Liam Neeson boards the action train in vain as his latest vehicle huffs and puffs into the station.
Since Taken, once-unlikely action-hero Liam Neeson has usually plied his on-screen trade as a seemingly upright citizen with hitherto unsuspected ass-kicking skills. For his fourth collaboration with Spanish schlock-peddler Jaume Collet-Serra (Unknown), however, the formula gets an added dash of Hitchcockian homage, though the stale outcome suggests that Neeson's era as a retirement-age hard man has run its course.
After years doing a wage-slave routine as a Wall Street number cruncher, ex-NYPD officer Michael McCauley (Neeson) gets laid off at a moment which spells financial disaster. Still, unlikely salvation may prevail on the Metro-North, where a slinky, no-good Vera Farmiga offers him a unique proposal. All he has to do is help her identify an out-of-place passenger among the 6pm regulars and there’s a pile of cash waiting for him. Tempting? You bet. Potentially fatal? That too.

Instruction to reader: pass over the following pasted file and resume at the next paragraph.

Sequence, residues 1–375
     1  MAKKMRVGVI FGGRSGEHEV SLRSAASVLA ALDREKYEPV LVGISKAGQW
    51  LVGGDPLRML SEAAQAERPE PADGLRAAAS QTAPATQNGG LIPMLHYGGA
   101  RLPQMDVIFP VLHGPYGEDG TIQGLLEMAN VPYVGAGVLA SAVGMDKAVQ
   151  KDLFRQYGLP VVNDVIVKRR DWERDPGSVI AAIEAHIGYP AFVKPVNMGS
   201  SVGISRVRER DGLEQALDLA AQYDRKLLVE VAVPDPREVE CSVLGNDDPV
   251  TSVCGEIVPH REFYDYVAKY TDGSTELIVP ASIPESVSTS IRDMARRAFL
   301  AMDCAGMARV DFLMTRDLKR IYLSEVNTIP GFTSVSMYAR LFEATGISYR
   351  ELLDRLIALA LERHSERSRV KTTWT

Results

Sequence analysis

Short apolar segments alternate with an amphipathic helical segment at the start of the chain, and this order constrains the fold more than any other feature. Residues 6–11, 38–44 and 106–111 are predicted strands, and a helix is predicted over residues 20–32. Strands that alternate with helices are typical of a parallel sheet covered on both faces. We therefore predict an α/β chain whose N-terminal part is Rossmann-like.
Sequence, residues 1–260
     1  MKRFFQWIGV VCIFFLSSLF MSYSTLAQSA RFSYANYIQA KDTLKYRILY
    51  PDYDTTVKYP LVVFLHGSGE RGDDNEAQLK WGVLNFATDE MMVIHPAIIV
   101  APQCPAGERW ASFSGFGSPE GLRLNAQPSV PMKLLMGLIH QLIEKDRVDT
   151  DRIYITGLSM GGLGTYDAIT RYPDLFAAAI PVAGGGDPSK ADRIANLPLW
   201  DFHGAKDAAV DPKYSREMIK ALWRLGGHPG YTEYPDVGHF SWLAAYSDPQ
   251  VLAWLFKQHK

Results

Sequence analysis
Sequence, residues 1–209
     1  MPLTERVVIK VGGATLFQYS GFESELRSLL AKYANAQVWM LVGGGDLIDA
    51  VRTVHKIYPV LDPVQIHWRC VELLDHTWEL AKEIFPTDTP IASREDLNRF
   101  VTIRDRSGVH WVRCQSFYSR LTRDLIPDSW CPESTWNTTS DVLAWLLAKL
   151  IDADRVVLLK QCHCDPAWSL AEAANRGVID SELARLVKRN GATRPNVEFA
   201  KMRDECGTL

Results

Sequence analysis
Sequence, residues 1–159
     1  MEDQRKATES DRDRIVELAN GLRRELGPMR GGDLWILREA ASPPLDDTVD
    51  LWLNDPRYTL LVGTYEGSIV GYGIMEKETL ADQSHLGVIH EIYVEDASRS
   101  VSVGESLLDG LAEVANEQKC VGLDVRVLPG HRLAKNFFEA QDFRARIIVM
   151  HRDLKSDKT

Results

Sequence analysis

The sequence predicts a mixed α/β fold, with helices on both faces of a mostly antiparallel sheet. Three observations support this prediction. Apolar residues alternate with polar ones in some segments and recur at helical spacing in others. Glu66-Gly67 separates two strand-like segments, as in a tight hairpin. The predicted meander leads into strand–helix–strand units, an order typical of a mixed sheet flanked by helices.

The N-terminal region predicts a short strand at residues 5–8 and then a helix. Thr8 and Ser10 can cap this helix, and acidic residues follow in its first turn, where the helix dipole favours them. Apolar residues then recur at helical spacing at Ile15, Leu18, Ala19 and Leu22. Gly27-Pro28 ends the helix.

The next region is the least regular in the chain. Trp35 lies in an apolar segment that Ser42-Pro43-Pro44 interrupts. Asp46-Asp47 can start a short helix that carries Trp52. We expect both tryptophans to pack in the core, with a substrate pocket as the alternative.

It’s a zingy set-up but just as quickly, it hits the skids. Neeson’s course of action inevitably involves running, punching and shooting, but the plot is about as convincing as his jet-black hair. Collet-Serra throws CGI at the problem with the giddy despair of a man who’s just missed his last train home. There are hints of the pulpy crowd-pleaser The Commuter might have been, but it’s too clunky and there are groans where the laughs should be. Like most workday journeys home, it’s functional at best, a total snooze at worst.
Cast and crew